Hidradenitis Suppurativa cause, genetics and treatment [Beta]

Uploaded by slentzen on 16.08.2012

This is very early work for the first of three videos to be produced. The hand drawn sketches
are just illustrations, and the final video will be animated by a professional.
Below is a transcript of the narration:
Hidradenitis Suppurativa also known as Acne Inversa, is a genetic skin disorder affecting
around 3% of the population.
It is characterized by recurrent boil-like lumps or abscesses forming under the skin.
They are most often found in the armpits, the chest
The disorder is characterized by recurrent boil-like lumps or abscesses forming under
the skin. The lumps are often found in the armpits, chest, groin, buttocks and the neck
When the disorder is more severe, the lumps are also seen forming in order areas of the
To explain what an abscess is, and how it can be recognized, we will take a closer look
at the skin
Here a cross section of the skin is shown. The outer most layer of the skin consists
of dead skin cells and is called the Stratum Corneum.
Below the Stratum Corneum, living skin-cells in the epidermis are multiplying and forming
the new skin layers. The deepest layer in the skin is called the dermis; the dermis
contains the sweat glands, hair cells, nerves and immune cells.
In people with Hidradenitis Suppurativa an abscess is created when an area of the skin
becomes inflammated. Inflammation is the body’s own reaction to a foreign object such as an
infection, or in the case of HS it is caused by a malfunctioning of the immune system.
Inflammation is thus the reaction to an infection, and not the infection itself
The very same inflammation caused by the immune system, used to protect the skin, can in some
cases also cause tissue damage in the skin, thus killing the skin-cells
As the inflammation expands, skin cells will start to die and bacteria living naturally
on the skin will start to feed on the leftovers. Finally, as a last resort to stop the spreading
of the inflammation, the surrounding skin cells will change and create scar tissue around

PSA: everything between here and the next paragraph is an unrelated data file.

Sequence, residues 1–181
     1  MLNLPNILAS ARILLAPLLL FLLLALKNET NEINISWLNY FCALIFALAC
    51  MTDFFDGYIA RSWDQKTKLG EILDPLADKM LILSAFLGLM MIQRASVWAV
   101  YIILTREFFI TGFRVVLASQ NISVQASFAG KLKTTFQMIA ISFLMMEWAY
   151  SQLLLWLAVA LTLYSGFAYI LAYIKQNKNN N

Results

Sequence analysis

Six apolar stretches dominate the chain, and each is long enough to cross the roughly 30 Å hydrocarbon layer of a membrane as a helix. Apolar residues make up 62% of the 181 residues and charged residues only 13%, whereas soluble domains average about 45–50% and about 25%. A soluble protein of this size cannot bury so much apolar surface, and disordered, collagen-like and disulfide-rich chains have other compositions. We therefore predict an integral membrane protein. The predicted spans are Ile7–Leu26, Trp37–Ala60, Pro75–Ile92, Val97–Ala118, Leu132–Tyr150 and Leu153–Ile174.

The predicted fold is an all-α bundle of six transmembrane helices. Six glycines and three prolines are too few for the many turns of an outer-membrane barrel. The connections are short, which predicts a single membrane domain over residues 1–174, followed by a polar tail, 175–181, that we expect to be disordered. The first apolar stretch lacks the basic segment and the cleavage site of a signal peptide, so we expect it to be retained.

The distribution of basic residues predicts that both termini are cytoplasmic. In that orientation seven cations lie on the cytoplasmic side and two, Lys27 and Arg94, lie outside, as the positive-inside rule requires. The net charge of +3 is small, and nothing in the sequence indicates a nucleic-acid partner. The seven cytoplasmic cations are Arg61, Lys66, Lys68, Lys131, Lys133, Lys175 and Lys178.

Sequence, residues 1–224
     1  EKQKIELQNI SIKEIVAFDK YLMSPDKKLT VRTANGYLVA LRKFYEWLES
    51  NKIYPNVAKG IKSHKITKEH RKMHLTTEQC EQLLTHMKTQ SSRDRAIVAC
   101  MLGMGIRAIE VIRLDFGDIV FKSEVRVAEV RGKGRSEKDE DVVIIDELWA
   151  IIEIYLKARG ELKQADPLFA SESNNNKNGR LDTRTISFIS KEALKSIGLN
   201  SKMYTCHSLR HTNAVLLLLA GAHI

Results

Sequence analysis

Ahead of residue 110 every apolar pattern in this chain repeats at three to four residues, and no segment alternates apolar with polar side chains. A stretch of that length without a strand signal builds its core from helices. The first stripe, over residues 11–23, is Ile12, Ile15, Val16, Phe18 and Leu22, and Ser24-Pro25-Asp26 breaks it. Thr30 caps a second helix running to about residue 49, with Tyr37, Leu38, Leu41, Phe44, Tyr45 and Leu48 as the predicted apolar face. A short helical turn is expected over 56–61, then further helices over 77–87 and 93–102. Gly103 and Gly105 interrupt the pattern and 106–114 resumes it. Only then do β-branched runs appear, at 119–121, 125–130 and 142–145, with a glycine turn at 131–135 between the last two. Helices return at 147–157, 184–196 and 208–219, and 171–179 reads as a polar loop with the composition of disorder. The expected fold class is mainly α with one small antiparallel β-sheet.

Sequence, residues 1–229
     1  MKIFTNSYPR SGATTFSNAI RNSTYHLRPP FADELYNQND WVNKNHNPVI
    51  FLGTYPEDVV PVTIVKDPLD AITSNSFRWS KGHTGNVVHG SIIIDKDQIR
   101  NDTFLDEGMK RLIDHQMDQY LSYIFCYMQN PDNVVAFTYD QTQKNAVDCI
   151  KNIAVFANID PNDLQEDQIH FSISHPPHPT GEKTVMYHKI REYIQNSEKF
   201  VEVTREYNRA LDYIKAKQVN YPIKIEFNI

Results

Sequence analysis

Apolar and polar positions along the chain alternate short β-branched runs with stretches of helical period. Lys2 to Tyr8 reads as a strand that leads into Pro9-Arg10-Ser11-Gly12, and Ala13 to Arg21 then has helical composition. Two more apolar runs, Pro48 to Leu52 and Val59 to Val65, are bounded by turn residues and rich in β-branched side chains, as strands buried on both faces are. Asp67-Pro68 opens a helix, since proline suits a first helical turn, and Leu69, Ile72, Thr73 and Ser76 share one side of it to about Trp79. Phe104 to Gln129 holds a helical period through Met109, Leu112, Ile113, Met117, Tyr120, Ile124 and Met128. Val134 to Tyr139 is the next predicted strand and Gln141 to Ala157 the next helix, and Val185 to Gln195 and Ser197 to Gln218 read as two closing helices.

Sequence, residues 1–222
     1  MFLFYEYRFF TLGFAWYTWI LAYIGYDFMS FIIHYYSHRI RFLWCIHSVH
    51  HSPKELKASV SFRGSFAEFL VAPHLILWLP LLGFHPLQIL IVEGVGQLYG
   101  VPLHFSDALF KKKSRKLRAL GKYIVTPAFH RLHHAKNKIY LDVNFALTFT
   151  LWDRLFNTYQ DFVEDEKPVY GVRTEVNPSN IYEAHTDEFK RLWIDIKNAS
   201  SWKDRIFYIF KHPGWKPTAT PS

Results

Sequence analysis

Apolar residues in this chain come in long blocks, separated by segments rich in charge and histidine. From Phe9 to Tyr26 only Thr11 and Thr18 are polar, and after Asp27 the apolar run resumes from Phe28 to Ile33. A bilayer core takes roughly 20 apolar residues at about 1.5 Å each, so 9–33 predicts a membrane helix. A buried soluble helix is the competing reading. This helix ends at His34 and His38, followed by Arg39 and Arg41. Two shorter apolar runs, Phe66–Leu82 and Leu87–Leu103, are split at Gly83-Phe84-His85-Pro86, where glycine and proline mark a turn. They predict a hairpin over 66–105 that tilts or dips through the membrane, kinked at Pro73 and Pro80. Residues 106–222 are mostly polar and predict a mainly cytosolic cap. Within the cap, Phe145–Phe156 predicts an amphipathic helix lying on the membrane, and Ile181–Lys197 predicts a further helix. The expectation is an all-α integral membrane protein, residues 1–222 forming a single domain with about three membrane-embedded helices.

the area of the inflammation. This creates a wall of scar tissue with a pus filled core,
and this is what is called an abscess
The abscess will feel like a lump similar to a ping pong ball or a golf ball beneath
the skin, it will be extremely sensitive and painful to touch. In some cases a small hole
will eventually form allowing the pus filled core to be drained, but in the more severe
cases of HS several abscesses located next to each other can start growing together into
intricate networks. The size and shape of the abscess may vary, sometimes looking like
a big pimple or zit, and other times a small red nodules, but they all come from the same
genetic cause in the affected person.
To understand the mechanisms behind HS, we must take a closer look at how the skin and
the immune system protects us from the numerous microorganisms that reside on the healthy
normal skin of every person, and what will happen when this system designed to protect
us, fails
There are numerous microorganisms that live on the surface of the skin; there they feed
on the dead skin cells being shed from the body. As they move around, some of the microorganisms
may move down along the space between the skin and hairs sticking out of the skin.
Once inside the skin, the microorganism will start to multiply
Initially the microorganisms will multiply without any difficulties as the skin cells
are not able to attack it.